Faces of Homelessness: local man shares story

Katia Faroun / photo editor Jacob had lost his apartment in North Carolina during Hurricane Florence.
Katia Faroun / Photo Editor
Jacob had lost his apartment in North Carolina during Hurricane Florence.


Katia Faroun and Griffin Sendek | The Duquesne Duke

Writers from The Duke went into the city to gather the stories and opinions of people without homes. Duquesne University is located between Uptown and Downtown, where there’s a significant population of homeless individuals. This week, Jacob shared his story with us and briefly acknowledged the challenges he faces being homeless in Pittsburgh.

A man wearing a blue coat, maroon hat and black sweatpants slowly made his way up and down the median on Washington Pl., at the intersection of Washington and Center Ave. Holding out a sign to vehicles stopped at the light, he shuffled along the small patch of concrete, patiently keeping his eye out for any generous drivers.

We approached the man from behind and accidentally startled him. He didn’t seem accustomed to others walking up to him and starting a conversation. We introduced ourselves and he began to talk.

He told us his name was Jacob. We offered him a sandwich and a bottle of water, which he gratefully received and promptly began to eat. We asked Jacob about the difficulties he faced in trying to find housing in Pittsburgh and he immediately started to tell us his story.

Jacob explained that he had been living in North Carolina before he came to Pittsburgh. He lived in an apartment, and in the fall of 2017, suffered a severe spinal infection. He was hospitalized, and most of his savings went into paying off medical bills.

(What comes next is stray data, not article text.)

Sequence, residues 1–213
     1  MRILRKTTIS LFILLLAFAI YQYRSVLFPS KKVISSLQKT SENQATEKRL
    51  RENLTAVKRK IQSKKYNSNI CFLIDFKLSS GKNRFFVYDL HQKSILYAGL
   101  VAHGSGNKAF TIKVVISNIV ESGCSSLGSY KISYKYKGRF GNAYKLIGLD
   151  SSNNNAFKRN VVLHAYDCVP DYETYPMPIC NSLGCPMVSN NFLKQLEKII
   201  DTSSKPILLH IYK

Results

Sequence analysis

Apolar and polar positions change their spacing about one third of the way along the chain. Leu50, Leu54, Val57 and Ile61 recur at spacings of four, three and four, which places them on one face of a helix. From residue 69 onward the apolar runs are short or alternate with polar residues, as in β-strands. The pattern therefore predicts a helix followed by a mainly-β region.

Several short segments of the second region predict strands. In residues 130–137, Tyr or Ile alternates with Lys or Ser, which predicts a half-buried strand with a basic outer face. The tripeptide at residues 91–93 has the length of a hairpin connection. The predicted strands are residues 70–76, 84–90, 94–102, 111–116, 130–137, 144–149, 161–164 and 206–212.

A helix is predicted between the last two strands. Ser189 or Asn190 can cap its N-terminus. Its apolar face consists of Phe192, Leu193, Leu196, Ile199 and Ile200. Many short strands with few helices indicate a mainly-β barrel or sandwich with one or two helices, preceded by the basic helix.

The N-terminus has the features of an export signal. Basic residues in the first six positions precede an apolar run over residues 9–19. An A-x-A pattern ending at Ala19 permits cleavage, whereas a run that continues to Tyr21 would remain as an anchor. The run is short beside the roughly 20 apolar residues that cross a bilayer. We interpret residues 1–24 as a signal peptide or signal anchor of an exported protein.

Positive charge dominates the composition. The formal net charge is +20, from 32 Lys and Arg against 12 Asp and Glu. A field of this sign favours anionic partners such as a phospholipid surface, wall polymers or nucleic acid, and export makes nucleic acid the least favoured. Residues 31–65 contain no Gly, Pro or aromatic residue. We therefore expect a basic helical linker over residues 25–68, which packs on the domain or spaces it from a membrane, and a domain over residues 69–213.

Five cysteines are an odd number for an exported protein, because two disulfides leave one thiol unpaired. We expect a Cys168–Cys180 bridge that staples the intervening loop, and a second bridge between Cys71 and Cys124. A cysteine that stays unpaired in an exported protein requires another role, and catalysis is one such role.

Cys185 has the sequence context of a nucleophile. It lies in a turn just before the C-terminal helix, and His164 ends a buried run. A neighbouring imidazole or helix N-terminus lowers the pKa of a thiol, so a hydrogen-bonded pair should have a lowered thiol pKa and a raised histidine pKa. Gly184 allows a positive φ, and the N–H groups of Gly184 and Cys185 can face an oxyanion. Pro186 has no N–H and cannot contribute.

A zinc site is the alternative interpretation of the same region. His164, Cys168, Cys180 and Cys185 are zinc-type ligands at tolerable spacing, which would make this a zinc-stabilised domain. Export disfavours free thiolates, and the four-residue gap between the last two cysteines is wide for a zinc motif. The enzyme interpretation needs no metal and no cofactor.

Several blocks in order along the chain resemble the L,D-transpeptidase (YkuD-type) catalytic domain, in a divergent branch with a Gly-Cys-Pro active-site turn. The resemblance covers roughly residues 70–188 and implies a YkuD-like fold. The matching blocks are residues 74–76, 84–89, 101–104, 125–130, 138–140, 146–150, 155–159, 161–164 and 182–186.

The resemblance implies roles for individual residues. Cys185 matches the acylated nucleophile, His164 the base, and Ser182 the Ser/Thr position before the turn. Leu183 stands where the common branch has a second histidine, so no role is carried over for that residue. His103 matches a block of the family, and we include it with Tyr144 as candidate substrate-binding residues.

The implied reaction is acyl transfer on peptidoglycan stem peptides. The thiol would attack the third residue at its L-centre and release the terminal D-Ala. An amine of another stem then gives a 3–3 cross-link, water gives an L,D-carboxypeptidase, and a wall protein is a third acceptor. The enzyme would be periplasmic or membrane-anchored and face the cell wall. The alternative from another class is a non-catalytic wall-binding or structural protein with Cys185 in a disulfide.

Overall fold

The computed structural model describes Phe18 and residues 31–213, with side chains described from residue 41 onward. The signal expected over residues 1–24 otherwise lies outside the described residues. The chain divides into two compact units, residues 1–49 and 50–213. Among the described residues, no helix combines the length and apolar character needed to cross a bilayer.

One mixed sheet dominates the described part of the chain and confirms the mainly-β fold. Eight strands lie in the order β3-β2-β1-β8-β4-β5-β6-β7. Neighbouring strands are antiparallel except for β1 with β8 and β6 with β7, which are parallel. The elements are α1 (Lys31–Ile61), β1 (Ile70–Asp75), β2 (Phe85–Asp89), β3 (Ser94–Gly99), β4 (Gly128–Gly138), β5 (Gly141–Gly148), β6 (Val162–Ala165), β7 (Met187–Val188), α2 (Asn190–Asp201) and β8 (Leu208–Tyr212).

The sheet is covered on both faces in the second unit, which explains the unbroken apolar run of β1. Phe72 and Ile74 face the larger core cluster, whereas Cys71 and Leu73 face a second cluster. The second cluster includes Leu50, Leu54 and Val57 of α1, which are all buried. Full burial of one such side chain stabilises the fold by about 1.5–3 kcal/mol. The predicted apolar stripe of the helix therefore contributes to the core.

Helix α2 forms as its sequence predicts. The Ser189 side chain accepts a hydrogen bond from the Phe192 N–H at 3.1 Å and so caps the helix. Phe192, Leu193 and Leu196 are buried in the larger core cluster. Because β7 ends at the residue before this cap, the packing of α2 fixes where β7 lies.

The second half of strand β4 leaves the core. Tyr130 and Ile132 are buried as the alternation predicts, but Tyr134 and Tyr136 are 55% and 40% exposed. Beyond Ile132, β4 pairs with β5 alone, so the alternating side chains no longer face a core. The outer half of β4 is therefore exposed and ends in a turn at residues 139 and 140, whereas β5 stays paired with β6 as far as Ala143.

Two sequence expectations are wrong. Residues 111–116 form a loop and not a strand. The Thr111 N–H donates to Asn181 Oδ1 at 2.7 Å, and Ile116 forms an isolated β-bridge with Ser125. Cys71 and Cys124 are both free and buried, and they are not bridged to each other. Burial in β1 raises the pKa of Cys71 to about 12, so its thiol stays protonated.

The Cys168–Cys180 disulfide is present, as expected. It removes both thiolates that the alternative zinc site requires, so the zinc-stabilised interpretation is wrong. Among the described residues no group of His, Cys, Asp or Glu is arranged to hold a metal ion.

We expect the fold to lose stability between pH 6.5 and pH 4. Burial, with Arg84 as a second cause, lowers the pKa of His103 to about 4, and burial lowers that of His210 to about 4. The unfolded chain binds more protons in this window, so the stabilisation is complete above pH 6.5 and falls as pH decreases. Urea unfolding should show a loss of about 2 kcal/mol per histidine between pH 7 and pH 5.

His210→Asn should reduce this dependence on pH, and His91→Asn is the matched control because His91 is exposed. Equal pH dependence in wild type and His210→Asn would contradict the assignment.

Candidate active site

As soon as Jacob was released from the hospital in September, Hurricane Florence hit the coast. He returned home, only to find his apartment destroyed.

Jacob gathered up all the money he had left and purchased a bus ticket to Pittsburgh, a city he had lived in before. He had faith in the opportunities it would offer him, and for the past few months, he’s been trying to pick himself back up again.

Griffin Sendek / features editor
Jacob usually stands on the intersection of Washington Pl. and Center Ave.

We asked him where he was staying, and in between mouthfuls, he explained how he was staying on-and-off at Light of Life in the North Side. He mentioned the help it has offered him: food, warmth and a place to stay. In order to get a bed for the night, Jacob has to show up at check-in, where the volunteers take his name and assign him a ticket for the night.

A couple days a week, Jacob works cleaning buildings, and gets paid under the table. Sometimes he doesn’t get back to the North Side until late at night, missing check-in.

“If you’re not there, you don’t have a bed,” he explained.

When he’s unable to stay the night at Light of Life, Jacob has to find other options. Sometimes he goes back Downtown, where there’s a warming shelter.

“It’s gross. It’s just a gym floor,” he said. “They give you a little mat and you have to be up at 5:30 a.m.”

It’s hard for Jacob to sleep on the floor and then spend his days bent over cleaning with his back still in rough shape. It’s not a lot of money, so he has to work a little extra to get enough money to find a place to stay permanently.

Jacob spends a majority of his afternoons where we found him, holding up a sign asking for some cash and mentioning that he was a previously a Marine.

He cut our conversation short, saying he needed to take advantage of the traffic. Before saying goodbye, he assured us that though people often don’t have a lot to give, every little bit helps.

“Anything is enough.”

This is the start of a new series titled “Faces of Homelessness,” where Duke writers go into the community and ask people without homes about their stories. We aim to focus specifically on their opinions and perspectives on social and political issues, locally and nationally. We believe that every opinion matters, and that theirs should be told. We hope this series will impact the Duquesne and Pittsburgh communities positively, offering those without a home the chance to have their voices heard. Hopefully, we all will listen.